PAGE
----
Support

To stay healthy and flourish, we need to stay connected and take care of ourselves and others. The Nicholas School has provided some resources below to help us do that.

General Wellness Resources

please see resources lists below for more resources for our whole NSOE community, including students, staff, and faculty.

Wellness & Prayer Rooms

  • This map provides locations of meditation and wellness rooms across the Durham campus. Check out the Grainger Hall Wellness & Lactation Room* (GH 4111), which doubles as a meditation space, and the Murphy-Nimocks Meditation Garden, located just outside the Student Wellness Center.
  • Looking for a place to meditate or relax? Complete with massage chairs, aromatherapy and Baoding balls, DuWell’s “Oasis West” provides a quite space to invite in calm. Oasis West is located in Room 129 on the first floor of the Student Wellness Center. The Oasis is open from 9am-4:30pm M-F.
  • At the Marine Lab, there is Wellness Space in the Library that is dedicated to personal wellness such as meditation, prayer and quiet reflection.
  • Dedicated lactation rooms can be found via maps.duke.edu by clicking on the Lactation Room map layer. 
Photo of MURPHY-NIMOCKS MEDITATION GARDEN.
MURPHY-NIMOCKS MEDITATION GARDEN.

* A note about the Wellness & Lactation Room in GH 4111: The room is listed on Outlook as Nicholas School Wellness and Lactation Room. You can type “Nicholas School Wellness” in the To field of Outlook and Control + K (Windows) or Control-⌘-C (Mac) to check names to complete the address. If you find the door is locked, the room is likely in use; if you are using this space, we encourage you to slide the “Available/ Occupied” sign on the door to indicate that the space is occupied. The hallway doors automatically unlock from 8:00 AM – 6:00 PM on weekdays.

Support for Students

Students have access to a range of wellness resources and support through Duke’s Student Wellness Center. This resource list is adapted from Duke Student Affairs and the Office of Undergraduate Education. Also, check out our NSOE DEI reading list on Mental Health (including sections on Burnout and Race and Mental Health).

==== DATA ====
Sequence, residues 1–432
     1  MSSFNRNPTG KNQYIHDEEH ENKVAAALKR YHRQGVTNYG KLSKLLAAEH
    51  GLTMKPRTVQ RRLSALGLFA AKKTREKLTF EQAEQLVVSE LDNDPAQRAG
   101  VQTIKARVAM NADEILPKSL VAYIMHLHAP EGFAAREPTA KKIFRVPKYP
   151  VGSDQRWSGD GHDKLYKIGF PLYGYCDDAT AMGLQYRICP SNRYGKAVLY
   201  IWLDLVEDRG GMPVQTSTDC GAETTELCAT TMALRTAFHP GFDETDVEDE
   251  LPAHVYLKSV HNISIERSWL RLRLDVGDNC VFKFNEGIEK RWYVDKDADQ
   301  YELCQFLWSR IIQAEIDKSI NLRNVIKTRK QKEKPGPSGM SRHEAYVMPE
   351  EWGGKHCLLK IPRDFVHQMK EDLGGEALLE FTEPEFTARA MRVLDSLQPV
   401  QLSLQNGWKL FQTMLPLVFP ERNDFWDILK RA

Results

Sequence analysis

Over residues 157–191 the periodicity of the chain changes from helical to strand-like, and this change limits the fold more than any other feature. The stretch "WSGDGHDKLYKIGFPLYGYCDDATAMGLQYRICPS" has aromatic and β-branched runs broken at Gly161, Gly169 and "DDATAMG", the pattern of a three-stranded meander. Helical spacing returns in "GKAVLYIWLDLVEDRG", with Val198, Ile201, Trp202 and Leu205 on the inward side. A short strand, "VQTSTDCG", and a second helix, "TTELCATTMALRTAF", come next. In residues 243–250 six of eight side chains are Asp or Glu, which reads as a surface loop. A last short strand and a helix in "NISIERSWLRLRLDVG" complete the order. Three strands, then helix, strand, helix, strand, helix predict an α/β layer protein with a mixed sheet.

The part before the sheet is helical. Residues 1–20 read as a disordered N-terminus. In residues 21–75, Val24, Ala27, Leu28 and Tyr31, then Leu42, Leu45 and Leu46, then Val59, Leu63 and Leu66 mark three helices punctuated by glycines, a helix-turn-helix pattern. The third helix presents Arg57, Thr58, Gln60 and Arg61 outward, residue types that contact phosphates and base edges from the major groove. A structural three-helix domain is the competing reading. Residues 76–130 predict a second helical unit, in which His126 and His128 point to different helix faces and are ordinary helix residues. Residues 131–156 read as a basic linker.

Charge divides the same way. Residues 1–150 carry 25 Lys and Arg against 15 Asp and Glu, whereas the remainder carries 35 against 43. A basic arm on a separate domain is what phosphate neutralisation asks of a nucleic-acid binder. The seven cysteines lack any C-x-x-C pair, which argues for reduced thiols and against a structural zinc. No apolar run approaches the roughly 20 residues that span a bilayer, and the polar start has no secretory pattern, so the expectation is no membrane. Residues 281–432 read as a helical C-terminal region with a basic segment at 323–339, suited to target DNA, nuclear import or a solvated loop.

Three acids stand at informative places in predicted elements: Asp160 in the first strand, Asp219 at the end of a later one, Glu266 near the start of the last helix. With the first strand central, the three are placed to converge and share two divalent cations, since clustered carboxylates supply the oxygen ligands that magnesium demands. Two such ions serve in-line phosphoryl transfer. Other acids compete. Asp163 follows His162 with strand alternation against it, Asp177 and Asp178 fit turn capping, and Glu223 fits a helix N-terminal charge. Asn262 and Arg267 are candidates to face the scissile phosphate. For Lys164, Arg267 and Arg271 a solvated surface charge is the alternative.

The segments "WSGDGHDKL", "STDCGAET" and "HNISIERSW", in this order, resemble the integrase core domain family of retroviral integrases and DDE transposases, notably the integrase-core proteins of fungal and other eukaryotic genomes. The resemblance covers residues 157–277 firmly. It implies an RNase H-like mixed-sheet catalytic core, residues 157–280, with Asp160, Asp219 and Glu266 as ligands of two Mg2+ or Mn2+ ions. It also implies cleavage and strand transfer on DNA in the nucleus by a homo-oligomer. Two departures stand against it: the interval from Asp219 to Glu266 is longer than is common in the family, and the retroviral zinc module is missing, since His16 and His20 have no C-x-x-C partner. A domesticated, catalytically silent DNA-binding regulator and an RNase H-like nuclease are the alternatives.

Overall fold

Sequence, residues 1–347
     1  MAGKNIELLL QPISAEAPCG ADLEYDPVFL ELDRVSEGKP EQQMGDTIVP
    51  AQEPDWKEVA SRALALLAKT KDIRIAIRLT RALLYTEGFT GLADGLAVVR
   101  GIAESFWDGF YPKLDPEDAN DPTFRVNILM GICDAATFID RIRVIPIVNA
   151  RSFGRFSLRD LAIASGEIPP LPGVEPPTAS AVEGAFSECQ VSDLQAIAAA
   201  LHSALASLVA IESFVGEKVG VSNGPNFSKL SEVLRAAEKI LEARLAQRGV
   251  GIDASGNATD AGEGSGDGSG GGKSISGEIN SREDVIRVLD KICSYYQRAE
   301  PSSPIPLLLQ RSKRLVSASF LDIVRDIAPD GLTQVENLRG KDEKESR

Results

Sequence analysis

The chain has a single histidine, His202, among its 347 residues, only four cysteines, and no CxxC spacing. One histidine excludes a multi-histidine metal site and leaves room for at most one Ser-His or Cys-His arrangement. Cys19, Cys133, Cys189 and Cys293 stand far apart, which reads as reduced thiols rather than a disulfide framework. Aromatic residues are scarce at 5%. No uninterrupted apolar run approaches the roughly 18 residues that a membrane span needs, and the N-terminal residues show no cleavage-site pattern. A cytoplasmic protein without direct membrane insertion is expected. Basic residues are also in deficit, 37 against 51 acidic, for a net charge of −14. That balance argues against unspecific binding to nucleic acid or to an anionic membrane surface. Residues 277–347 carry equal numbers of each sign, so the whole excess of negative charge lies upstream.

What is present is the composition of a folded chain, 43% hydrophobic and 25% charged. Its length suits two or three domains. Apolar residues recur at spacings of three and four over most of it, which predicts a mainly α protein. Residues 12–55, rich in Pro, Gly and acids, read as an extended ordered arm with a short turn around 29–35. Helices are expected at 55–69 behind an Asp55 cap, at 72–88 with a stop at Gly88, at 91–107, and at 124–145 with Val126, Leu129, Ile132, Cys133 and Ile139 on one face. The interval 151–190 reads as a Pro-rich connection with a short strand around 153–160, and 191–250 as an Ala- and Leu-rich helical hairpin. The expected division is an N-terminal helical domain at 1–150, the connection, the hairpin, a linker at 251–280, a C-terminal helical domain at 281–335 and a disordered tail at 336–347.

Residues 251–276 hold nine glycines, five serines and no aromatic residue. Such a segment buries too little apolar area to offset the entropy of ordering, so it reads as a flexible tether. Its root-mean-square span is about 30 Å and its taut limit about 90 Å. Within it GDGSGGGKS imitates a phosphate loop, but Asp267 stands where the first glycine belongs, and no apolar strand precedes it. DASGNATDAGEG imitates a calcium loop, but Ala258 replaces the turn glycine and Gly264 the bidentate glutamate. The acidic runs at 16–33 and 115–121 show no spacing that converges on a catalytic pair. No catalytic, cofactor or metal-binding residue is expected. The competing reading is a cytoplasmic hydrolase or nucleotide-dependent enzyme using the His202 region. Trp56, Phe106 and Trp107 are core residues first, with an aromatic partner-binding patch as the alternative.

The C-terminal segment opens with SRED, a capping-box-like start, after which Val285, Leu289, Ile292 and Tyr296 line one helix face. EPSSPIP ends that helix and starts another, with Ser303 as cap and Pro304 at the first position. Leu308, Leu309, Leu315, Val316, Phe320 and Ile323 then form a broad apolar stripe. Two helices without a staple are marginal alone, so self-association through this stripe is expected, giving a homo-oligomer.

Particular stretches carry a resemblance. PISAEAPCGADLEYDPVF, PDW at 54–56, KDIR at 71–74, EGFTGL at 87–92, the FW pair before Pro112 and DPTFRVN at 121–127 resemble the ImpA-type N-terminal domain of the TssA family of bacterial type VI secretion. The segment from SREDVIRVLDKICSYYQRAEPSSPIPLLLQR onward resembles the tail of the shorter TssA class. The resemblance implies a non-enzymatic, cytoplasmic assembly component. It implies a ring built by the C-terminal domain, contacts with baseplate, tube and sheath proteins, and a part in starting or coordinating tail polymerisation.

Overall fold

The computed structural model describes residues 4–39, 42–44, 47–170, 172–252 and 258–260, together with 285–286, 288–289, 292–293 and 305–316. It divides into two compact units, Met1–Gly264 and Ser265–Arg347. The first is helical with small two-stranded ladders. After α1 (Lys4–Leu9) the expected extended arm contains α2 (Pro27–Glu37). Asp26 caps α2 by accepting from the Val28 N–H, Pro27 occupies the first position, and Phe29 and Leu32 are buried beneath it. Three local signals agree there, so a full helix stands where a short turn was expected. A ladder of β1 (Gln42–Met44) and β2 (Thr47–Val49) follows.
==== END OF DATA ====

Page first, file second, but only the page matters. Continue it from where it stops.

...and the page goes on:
BLUE DEVILS CARE: 24/7 telemental-health support to all students at no cost, through immediate and scheduled appointments. Visit BlueDevilsCare.duke.edu.

CAPS: Counseling and Psychological Services (CAPS) offers many services to Duke students, including telemental-health appointments. Any student can call 919-660-1000 to speak with someone, or for assistance with referrals in your local community. 

DUKEREACH: DukeReach will help you identify support services from among the variety of resources across campus or in your local community. You can contact DukeReach at 919-681-2455 or by emailing dukereach@duke.edu

DUWELL: DuWell engages students through a variety of wellness experiences across campus in an effort to manage stress and reduce anxiety while emphasizing self-care.  

STUDENT HEALTH: Student Health is the primary source for a wide range of healthcare services for all Duke students. During COVID-19, Student Health remains open for essential services and offers virtual visits, and students may call (919) 681-9355, option 2, during business hours to speak to a triage nurse. For urgent matters after hours, students can always speak to a nurse by calling 919-966-3820.

FOOD INSECRUITY: Any student experiencing food insecurity can request temporary funds for food through the Feed Every Devil (FED) program. FED can be used by any student that is currently enrolled at Duke if they are experiencing food insecurity. FED can be used even if the student does not have a meal plan. Learn more here: https://fed.oit.duke.edu/

COST OF LIVING SUPPORT:

In October 2022, Duke implemented a number of actions to help doctoral and master’s students manage the recent rapid rise in the cost of living.

PhD students can learn more about the measures aimed at helping them, which include stipend increases, reduced parking costs, and an increase in affordable housing.

Master’s students can learn more about the measures aimed at helping them, which include reduced parking costs, increased affordable housing opportunities, and professional development grants.

ADDITIONAL RESOURCES

IDENTITY AND CULTURAL CENTERS: The Student Affairs Identity and Cultural Centers also serve as important resources and places of connection and support for many of our students. The centers are offering programming and support throughout the year, including summer. Our ICCs include: Center for Multicultural Affairs (CMA)Center for Muslim LifeCenter for Sexual and Gender DiversityInternational HouseJewish Life at DukeMary Lou Williams Center for Black Culture, and the Women’s Center.